7. My .02 - I deleted facebook years ago and have reaped great personal rewards from that decision despite the fact that I clearly do miss out on some useful conversations that go on in that forum. While I broadly agree with the sentiment that facebook is at a minimum negligent with its use of data and is malicious in its collection of it, I recognize that this argument isn't salient to manufacturers as they seek to engage with users and potential customers. So, to the manufacturers I'd argue that you still reap greater rewards by being your own platform because you cede control of a lot of very important aspects of your brand and interactions when you outsource those interactions to ANY third party (inclusive of this site). Specifically, you cede control of the url, the look, the other things on the page simultaneously, the presence and content of competitive advertising, and the user data and info itself. Given how easy and inexpensive it is to build a robust forum and chat interface into any site, thats a LOT to be giving up. This isn't to say you shouldn't or couldn't have a presence on third party platforms, but rather to say that this presence should generally be geared towards directing users and potential customers to the web interactions that your company designs and controls. If a user hits you up on facebook or twitter with a support question, IMO you should immediately be replying with a link that pulls them OFF of that platform and into your own ecosystem. Sure this takes more resources, but in the context of tracking and responding to things on social media as the alternative, its not that much more. for a good case study in this approach, check out asoundeffect.com. Asbjoern really does a good job of building a running a pretty big platform with a clear vision and a toolbox of off the shelf software tools.
  8. seems like that would take some degree of machine - learning to get it actually happening. IOW, the algorithm would have to be able to identify on-mic vs incidental by some combination of loudness, reverberation and frequency content, but it would clearly not be as simple as just setting thresholds because it would require context to discern what's what. I know iZotope has some machine learning programmed into their dialogue isolate and de-rustle modules these days. Seems like it could eventually be do-able, but it also seems like technologically its a pretty tough nut to crack.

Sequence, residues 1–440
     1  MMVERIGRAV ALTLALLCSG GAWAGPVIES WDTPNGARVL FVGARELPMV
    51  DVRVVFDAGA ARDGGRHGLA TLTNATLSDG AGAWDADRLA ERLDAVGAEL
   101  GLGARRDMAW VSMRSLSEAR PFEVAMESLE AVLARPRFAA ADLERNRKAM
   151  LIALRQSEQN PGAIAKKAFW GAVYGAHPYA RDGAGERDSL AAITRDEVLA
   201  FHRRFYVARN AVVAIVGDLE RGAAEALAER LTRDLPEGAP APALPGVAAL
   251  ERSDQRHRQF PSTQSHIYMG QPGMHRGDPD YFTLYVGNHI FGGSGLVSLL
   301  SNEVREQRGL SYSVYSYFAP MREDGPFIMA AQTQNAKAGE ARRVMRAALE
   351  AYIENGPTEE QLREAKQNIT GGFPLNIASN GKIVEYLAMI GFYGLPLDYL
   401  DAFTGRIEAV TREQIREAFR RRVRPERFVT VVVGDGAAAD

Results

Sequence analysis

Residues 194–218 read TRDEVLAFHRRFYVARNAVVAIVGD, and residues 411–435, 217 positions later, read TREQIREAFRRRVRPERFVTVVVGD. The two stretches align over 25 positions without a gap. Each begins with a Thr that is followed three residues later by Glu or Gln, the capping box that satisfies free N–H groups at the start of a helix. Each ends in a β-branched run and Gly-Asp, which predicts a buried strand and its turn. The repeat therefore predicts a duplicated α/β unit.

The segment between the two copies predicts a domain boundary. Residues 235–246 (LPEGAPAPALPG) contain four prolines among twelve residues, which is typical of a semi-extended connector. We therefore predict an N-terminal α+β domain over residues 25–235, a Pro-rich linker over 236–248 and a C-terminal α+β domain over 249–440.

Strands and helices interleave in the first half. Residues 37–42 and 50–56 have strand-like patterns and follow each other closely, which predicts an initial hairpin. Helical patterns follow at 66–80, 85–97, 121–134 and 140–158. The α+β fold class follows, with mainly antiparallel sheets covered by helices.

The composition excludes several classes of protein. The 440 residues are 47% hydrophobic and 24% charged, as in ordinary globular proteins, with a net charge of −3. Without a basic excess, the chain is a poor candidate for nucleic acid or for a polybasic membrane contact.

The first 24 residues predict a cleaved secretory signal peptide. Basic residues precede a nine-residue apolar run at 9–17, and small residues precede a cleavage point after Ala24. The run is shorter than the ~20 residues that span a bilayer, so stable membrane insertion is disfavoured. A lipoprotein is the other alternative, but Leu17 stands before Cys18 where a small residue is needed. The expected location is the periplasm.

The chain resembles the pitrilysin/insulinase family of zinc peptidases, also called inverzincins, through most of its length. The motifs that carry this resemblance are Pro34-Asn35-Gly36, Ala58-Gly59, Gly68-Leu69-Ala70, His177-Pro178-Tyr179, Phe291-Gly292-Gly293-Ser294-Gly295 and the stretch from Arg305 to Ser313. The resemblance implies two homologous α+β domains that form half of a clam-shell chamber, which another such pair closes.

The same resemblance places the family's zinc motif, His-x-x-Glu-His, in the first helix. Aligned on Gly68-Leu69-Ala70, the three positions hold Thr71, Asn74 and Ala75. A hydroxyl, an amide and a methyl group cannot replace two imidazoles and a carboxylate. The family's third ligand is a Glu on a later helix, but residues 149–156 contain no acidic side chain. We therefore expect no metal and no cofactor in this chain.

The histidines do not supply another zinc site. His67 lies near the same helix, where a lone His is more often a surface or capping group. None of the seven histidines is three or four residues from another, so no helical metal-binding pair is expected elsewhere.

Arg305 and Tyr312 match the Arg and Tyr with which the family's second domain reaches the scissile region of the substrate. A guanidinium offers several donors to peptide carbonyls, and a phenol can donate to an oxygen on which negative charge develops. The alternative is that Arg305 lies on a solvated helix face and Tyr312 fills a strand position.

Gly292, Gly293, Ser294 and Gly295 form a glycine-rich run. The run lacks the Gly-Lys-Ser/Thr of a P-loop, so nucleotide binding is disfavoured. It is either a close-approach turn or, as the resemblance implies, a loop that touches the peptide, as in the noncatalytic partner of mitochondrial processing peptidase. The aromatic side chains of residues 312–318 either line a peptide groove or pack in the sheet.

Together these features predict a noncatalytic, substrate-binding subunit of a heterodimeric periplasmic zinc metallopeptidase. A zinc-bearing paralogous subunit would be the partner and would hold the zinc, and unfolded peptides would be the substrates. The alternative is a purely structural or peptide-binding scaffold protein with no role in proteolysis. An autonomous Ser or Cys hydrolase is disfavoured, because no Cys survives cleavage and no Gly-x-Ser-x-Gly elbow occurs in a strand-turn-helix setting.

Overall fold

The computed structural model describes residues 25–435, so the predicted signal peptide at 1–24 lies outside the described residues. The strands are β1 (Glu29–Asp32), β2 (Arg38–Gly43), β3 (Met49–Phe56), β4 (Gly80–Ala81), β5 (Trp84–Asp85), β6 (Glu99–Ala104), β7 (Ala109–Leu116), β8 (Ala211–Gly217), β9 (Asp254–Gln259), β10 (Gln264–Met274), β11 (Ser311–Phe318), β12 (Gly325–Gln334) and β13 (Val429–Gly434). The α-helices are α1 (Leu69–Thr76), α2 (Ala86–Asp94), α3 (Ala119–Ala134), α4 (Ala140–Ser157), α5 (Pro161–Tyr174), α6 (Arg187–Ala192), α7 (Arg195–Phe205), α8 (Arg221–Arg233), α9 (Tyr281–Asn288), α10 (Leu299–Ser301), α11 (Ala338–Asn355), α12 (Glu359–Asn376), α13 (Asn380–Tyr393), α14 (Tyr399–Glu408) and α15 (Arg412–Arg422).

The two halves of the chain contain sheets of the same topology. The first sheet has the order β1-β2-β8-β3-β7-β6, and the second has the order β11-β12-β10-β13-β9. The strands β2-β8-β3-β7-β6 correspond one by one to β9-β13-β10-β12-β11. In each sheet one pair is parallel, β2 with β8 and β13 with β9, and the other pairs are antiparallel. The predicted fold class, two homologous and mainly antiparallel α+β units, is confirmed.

9. Hey Mike, i'd love to hear some specific feedback about the tech and challenges you face that I can send back in their direction. I'm of the opinion that we don't get to have enough cross-discipline conversations, and we'd all benefit from knowing more about what's happening both upstream and downstream in the production process.
  10. Hi all, We recently recorded a dialogue editing episode of our podcast, tonebenders, with some pretty big names in the biz. We talk a bit about what these editors wish the production sound folks knew about their workflows, and got into the weeds with what happens with your tracks once they come to the edit room. I figured that would be of interest here. tonebenders ep 75 thanks! -Rene
  11. I've heard of a few voicover projects where 96k was specified specifically because the plan was to do sound design style processing and pitch shifting to several of the characters as a whole. That seems like the only reason to run 96k on set as well.
  12. dude, that's pretty impressive! how did you go about implementation in the mix?